Named after the Latin centum herbora and made in Central Italy since the cows came home, this emerald green elixir is made of wild herbs collected in the Apennines, notably on the slopes of the Gran Sasso and Monte Morrone. They are dried in a special way, then infused with alcohol for two to four months before bottling.
Centerbe has long been renowned for its medicinal and antiseptic qualities (during a 19th-century cholera epidemic in Naples, they couldn't get enough), as well as for its good work as a digestivo. It's also used as an herby flavouring for both sweet and savoury dishes.
An abbey in the Abruzzese town of Tocco da Casauria was especially renowned for their version, and it was here in that a local chemist Beniamino Toro first began to produce it commercially, a tradition his descendants continue to this day. There's a normal and a strong 70o version; the latter inspired journalist Paolo Monelli to write in 1963:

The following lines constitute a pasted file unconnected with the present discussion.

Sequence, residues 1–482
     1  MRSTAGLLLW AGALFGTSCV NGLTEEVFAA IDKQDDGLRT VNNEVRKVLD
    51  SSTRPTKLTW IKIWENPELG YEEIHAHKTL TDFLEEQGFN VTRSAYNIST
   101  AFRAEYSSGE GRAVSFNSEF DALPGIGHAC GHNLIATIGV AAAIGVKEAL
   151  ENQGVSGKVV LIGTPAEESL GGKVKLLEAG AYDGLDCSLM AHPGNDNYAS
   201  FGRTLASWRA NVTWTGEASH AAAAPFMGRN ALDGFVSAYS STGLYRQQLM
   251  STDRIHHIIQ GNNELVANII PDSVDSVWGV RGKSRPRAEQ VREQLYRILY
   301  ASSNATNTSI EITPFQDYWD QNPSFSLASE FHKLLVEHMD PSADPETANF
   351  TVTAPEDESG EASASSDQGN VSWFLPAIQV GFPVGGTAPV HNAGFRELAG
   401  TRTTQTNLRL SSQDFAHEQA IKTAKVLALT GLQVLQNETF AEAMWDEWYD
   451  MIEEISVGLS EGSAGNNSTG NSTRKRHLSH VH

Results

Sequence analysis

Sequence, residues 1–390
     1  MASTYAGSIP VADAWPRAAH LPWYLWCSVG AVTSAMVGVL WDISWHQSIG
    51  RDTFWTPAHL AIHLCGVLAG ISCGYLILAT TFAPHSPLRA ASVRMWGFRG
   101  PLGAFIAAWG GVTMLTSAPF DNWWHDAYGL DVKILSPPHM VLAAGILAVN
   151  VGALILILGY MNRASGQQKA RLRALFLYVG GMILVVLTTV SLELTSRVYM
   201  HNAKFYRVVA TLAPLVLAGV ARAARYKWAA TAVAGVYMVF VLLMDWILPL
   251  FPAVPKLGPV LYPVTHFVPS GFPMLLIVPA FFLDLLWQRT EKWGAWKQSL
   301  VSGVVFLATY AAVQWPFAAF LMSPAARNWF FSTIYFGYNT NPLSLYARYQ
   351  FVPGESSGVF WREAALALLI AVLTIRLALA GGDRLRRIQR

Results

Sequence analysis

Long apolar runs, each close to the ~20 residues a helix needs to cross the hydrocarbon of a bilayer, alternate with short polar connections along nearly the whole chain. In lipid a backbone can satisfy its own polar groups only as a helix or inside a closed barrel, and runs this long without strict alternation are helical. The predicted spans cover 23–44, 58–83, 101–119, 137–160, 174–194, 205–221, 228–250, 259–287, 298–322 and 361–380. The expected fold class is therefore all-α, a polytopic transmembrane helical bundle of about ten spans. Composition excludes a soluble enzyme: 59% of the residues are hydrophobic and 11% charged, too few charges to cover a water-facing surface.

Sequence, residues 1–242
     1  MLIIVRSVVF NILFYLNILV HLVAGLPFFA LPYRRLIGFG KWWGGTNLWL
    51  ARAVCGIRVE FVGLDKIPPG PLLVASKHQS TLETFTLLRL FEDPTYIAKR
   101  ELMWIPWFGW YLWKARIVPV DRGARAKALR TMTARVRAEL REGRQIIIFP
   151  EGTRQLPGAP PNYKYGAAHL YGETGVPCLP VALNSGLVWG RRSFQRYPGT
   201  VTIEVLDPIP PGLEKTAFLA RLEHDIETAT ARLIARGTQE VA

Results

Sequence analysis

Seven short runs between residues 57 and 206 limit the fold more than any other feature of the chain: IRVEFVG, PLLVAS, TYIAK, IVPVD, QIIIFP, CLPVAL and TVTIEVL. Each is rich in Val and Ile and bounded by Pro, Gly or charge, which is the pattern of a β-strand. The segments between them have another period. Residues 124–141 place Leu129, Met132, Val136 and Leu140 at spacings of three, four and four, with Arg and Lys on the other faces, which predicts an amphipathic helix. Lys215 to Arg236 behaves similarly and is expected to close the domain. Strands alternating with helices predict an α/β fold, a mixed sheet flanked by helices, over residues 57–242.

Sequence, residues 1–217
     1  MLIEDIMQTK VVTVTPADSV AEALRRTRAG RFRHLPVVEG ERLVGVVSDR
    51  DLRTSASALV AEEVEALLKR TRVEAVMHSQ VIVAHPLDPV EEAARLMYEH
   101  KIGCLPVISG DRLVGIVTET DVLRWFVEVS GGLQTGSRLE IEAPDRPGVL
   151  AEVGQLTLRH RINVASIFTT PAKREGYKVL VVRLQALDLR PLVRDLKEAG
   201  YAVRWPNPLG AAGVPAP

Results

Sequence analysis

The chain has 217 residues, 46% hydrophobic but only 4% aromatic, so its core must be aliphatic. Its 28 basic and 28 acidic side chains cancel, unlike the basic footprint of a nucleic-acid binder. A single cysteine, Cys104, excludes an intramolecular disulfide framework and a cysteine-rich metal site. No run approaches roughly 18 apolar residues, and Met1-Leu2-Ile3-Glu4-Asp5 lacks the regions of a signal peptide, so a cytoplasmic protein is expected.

drinking this precious emerald liquid we come into contact with the big mountain, with the massif of noble rocks and shining frost which protects the heart of Italy…it is a vehement lymph with a very well defined aroma which gives life to a storm in your mouth and gets into your heart…A member of the Italian Alpine troops drank a whole flaskful of this centerbe and he tumbled down remaining drunk for two days; when he recovered consciousness he killed a mule with a punch.
Images by: olaszorszagrol, il cantiere